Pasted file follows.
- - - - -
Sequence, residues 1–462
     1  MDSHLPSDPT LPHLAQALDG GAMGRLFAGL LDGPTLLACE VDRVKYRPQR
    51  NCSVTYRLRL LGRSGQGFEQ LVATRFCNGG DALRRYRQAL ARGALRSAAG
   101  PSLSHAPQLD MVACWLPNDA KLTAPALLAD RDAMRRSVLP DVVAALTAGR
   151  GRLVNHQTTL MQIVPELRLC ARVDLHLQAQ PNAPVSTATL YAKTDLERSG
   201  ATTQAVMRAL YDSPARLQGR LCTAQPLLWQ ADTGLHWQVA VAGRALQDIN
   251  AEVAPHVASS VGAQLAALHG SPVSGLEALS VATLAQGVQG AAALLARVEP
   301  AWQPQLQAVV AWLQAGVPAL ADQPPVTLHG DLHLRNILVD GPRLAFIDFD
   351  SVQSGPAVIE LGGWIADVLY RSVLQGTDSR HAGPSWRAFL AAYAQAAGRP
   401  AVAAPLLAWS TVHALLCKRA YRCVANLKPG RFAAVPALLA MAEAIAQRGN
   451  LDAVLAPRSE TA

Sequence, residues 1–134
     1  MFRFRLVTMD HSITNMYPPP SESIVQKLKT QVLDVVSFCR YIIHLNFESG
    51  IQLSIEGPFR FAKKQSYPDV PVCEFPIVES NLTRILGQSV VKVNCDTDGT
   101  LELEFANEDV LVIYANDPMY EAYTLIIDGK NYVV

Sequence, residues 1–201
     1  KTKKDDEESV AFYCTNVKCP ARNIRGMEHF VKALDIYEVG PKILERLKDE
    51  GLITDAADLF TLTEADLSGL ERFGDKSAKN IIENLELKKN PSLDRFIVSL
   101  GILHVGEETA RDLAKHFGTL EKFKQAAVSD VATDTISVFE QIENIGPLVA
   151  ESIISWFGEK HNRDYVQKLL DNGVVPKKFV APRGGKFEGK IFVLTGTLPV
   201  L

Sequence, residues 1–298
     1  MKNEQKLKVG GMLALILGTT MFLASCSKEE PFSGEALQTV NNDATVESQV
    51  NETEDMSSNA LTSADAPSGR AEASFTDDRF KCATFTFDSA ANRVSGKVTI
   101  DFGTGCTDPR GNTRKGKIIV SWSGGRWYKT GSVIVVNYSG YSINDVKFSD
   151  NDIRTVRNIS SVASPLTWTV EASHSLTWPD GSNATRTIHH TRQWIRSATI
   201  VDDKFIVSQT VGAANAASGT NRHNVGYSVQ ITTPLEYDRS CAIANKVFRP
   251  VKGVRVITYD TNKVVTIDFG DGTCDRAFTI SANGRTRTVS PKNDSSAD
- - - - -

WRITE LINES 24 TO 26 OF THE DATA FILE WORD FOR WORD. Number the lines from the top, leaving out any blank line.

    51  NETEDMSSNA LTSADAPSGR AEASFTDDRF KCATFTFDSA ANRVSGKVTI
   101  DFGTGCTDPR GNTRKGKIIV SWSGGRWYKT GSVIVVNYSG YSINDVKFSD
   151  NDIRTVRNIS SVASPLTWTV EASHSLTWPD GSNATRTIHH TRQWIRSATI